4. Getting a license in the EU is NOT the same as getting on in the UK through the Financial Conduct Authority (FCA).

What Is 5AMLD?

The Fifth Anti-Money Laundering Directive, known as 5AMLD, is a set of rules that were implemented by the European Commission on 10 January 2020. It aims to provide greater transparency and prevent money laundering activities in Europe. The 5AMLD is an amendment to 4AMLD and the third EU anti-money laundering directive (3AMLD).

5AMLD requires crypto exchanges to be licensed in order to operate legally.

So add that to your compliance to-do list, along with KYC (Know Your Customer) and whatever other regulations exist in the country you’re applying in.

Here’s What 5AMLD Does

  • Increase transparency about the ownership of legal entities to prevent money laundering and terrorist activity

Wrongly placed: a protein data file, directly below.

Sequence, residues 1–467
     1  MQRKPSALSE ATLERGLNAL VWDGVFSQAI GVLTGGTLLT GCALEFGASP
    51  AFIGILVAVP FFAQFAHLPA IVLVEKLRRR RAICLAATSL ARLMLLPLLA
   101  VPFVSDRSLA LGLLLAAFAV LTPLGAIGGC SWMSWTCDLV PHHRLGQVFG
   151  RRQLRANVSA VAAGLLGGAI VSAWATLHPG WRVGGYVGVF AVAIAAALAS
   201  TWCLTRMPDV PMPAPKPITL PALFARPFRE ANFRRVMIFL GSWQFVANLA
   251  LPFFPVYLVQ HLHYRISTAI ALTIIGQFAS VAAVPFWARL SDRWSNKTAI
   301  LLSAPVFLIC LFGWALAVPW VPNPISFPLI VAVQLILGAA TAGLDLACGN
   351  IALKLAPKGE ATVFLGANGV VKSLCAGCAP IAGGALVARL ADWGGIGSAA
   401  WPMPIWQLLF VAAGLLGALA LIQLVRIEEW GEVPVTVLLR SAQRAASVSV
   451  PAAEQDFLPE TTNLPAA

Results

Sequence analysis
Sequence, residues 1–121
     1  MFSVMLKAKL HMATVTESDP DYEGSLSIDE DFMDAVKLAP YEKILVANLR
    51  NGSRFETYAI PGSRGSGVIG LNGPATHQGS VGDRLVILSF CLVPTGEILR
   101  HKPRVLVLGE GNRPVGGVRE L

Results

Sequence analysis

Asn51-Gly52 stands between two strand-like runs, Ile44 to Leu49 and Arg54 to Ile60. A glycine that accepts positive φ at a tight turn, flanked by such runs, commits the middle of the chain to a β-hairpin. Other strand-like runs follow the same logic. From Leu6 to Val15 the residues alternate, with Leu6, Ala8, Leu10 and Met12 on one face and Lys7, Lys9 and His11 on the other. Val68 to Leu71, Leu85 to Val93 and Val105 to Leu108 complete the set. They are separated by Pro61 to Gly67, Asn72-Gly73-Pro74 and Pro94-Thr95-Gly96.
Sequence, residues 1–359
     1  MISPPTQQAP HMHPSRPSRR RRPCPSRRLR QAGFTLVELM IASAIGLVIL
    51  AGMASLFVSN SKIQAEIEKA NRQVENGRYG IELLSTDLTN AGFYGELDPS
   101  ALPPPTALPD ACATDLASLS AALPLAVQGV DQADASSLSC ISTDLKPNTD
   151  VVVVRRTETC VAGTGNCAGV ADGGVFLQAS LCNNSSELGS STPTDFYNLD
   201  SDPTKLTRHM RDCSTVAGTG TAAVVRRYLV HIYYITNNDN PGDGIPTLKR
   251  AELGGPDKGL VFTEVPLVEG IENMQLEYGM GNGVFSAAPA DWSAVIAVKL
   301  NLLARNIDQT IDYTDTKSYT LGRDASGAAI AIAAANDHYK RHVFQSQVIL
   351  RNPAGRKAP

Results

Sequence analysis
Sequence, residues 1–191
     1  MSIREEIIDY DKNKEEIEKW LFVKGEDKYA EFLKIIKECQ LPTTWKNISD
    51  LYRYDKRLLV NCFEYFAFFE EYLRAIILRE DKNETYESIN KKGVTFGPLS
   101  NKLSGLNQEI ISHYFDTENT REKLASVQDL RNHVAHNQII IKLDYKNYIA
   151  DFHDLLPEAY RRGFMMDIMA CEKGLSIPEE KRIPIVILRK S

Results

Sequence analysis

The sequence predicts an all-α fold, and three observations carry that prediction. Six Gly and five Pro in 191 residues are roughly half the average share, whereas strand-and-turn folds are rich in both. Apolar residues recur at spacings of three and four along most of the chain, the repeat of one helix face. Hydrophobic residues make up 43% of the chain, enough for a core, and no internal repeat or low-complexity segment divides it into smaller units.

• Provide European finance regulators easier access to information through centralized banking
  • Prevent terrorist financing (CFT) through anonymous prepaid and crypto pathways
  • Increase information exchange between AML supervisors and the European Central Bank
  • Ensuring higher level safety when working with and transferring money to/from high-risk 3rd-world countries.

How You Can Comply with 5AMLD

It’s simple: demonstrate that you have anti-money laundering procedures in place and comply with KYC (as you would need anyway).

That doesn’t mean it’s easy to get a crypto exchange license. As the EU is still figuring out this new industry, there will be hurdles to leap over.

Many European exchanges struggled with obtaining licenses from their home nation regulators because they couldn’t demonstrate that they were compliant with 5AMLD.

Moreover, even those who did obtain licenses faced ongoing scrutiny from financial crime investigators — not just because of any real suspicion of money laundering, but because they were understandably keen to ensure that new crypto exchange entrants were playing by the rules.